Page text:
Dec 7, 2015

Although CBRE recommends the consultants are brought onto all deals which are 20,000 square feet and above, what you normally find is the consultants are working on the leases which are 100,000 square feet and up. A 100,000 square foot lease is a lot more complicated. Source: I was a broker at CBRE in NYC.

There are also only about 20 people in the consulting group. The financial analysts will work on anything but as the analysts learn, they focus on larger and larger projects. It's actually a great way to make a living. Worry less about killing as you are brought onto deals. Make a salary and a get a nice bonus from the commissions the deals you work on generate.

If you go to CBRE's website and look up the professionals in the Consulting group, you will see that the consultants have worked on monster deals.

Dec 7, 2015

I was a tenant rep at CBRE. I have also spent time on a top investment sales team in the city. I can say on the team I worked with, the only one(s) who could use argus properly were the financial analysts. Not going to say where I am currently as I will out myself.

Dec 8, 2015

So what did the associates, senior associates, directors etc do if they couldn't model? Stacom and Shanahan were doing the sourcing---what was everyone else doing in-between the Financial Analysts and them 2?

How were you involved in this group if you were in Tenant Rep? Did they bring you in for pitches to show what the demand was for the space or did you just get quoted on rents?

Dec 7, 2015

@cre123 I never said I was in CBRE's institutional properties group. The way the group is set up though, is you have different people focused on different areas. The senior vice president's and executive vice presidents all specialize in a product type or raising capital (buyers). Associates, senior associates, and first vice presidents are helping to run the deal. Tour properties. Write offering memos. Research. I was at a different firm for investment sales.

Dec 8, 2015

Ok. Sorry, but if you were tenant rep, how were you involved in Investment Sales at all? They really aren't cross pollinated other than rent quotes.

I totally get that there are those "specializing in property types"--- I left out that at top shops that happens everywhere too. But other than the "Leads" of those property types and I call them the "sourcers" or "breadwinners" everyone on the team models. At least from my experiences and conversations. That's the only thing left to do, reall---, after the team wins a spot in the race/proposals at least. That being said, the deal transaction people (model leads) don't really do tours from my perspective. That's still the lead's job.

Dec 7, 2015

I was at a different shop for the investment sales role. On the team I was on, the only people who could model were the financial analysts. The team leads were focused on sourcing and winning new mandates. The junior brokers supported the new incoming deals as well as worked on the current deals. They were also focused on winning their own business. The juniors also did the majority of the work when it came to touring properties, writing the offering memos, and analyzing the market / comparable properties. The seniors than signed off on all the work etc.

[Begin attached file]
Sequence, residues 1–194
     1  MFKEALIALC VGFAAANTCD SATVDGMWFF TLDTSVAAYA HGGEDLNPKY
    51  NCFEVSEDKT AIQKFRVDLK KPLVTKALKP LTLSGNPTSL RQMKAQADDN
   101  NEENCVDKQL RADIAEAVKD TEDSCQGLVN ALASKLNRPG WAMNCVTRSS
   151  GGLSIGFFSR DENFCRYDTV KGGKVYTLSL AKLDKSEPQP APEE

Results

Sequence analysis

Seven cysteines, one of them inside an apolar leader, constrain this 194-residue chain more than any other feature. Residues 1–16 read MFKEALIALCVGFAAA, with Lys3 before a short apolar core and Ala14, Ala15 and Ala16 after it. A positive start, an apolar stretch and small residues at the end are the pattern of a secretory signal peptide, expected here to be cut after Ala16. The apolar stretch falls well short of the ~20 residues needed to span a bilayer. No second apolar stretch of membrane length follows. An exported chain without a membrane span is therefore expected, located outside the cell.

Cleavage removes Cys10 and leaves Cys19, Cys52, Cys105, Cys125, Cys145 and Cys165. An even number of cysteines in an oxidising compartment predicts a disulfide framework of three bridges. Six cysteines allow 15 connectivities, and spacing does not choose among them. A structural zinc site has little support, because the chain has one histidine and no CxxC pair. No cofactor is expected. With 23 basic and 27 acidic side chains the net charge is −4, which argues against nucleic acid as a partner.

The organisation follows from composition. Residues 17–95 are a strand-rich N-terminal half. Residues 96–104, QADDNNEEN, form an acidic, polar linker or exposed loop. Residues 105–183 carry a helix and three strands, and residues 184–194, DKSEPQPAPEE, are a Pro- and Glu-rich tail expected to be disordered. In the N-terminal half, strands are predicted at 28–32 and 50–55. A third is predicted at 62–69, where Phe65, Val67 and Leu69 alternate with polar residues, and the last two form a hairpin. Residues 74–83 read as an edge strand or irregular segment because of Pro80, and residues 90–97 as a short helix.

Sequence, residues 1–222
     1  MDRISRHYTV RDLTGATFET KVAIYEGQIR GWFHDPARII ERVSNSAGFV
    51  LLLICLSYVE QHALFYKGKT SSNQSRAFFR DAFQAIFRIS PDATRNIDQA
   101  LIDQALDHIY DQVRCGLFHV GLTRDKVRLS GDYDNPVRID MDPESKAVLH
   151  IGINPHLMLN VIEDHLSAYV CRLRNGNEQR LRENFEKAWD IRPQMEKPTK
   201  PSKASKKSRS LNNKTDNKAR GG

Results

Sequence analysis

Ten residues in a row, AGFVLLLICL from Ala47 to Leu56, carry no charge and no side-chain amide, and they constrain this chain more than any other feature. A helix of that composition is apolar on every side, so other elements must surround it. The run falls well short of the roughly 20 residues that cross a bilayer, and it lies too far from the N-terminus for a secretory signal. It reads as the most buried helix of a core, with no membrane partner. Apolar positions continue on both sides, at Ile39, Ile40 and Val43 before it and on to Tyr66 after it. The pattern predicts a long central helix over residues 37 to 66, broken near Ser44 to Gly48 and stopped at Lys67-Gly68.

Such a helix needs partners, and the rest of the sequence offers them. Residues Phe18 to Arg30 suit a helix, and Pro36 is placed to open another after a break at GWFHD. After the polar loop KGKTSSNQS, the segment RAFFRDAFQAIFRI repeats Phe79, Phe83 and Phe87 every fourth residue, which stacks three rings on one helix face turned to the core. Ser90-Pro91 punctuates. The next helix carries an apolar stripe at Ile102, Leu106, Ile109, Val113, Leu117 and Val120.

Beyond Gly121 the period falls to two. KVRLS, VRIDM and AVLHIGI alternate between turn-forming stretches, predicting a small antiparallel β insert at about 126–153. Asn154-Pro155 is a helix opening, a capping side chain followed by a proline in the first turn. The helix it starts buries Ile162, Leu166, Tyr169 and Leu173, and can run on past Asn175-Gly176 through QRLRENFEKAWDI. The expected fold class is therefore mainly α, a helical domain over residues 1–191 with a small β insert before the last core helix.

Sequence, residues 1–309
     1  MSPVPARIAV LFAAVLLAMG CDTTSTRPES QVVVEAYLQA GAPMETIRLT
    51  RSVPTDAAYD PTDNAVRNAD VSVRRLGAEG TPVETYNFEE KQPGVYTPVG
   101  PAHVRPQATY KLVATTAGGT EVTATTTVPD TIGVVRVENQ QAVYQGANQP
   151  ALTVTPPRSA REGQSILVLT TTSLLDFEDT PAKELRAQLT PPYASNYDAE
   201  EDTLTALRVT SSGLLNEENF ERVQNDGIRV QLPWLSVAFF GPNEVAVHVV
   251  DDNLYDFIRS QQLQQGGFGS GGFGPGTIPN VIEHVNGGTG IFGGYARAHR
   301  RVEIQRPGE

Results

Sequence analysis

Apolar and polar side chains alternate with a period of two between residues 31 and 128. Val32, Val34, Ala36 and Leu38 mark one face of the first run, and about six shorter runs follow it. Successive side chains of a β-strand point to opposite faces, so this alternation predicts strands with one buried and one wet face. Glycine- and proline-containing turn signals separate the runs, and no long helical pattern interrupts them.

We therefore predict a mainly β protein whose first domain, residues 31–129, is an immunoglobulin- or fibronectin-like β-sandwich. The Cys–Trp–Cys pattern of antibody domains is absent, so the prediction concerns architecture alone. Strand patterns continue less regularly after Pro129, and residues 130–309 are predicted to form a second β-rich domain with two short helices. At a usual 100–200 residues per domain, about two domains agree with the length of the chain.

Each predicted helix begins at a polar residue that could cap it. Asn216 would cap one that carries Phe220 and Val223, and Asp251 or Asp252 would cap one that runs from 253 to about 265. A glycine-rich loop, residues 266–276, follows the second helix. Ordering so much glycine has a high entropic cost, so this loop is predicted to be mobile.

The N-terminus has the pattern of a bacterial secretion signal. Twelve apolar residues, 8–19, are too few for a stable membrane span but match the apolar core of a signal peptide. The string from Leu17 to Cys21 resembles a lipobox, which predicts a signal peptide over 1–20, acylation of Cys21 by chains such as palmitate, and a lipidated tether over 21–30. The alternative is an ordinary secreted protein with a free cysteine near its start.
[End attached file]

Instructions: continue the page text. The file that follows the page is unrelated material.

In the end, all the teams have different models which work for their business. The senior guys I worked with, this was their model and it worked extremely well for them. Some of the most successful and prolific brokers in the area I am from.

Dec 8, 2015

Got it, but this is just it: "The junior brokers supported the new incoming deals as well as worked on the current deals." if they can't model I truly don't understand what they were doing. They were collecting DD info and offers? Any monkey can do that. How can you support current and new deals if you don't know how to model--or at the very least tweak models. Were they privy to the capital markets and lenders?

Dec 7, 2015

Once the financial analysts ran the numbers, the job was interfacing with investors and finding the buyer. Organizing the DD info and sending it out. Answering questions regarding the property and the area. Touring the property. Getting more info if an investor needed it. If there was a question on the analysis, it went to the financial analysts. But even there, the investor was running their own numbers over ours. Finally, it was abstracting offers and helping the seller decide which offer to pick.

Dec 8, 2015

And IMHO that stuff that associates do can be done by a monkey. I like the way other teams do it better---everyone knows how to model and truly understands what they're selling (a risky, active bond).

Dec 7, 2015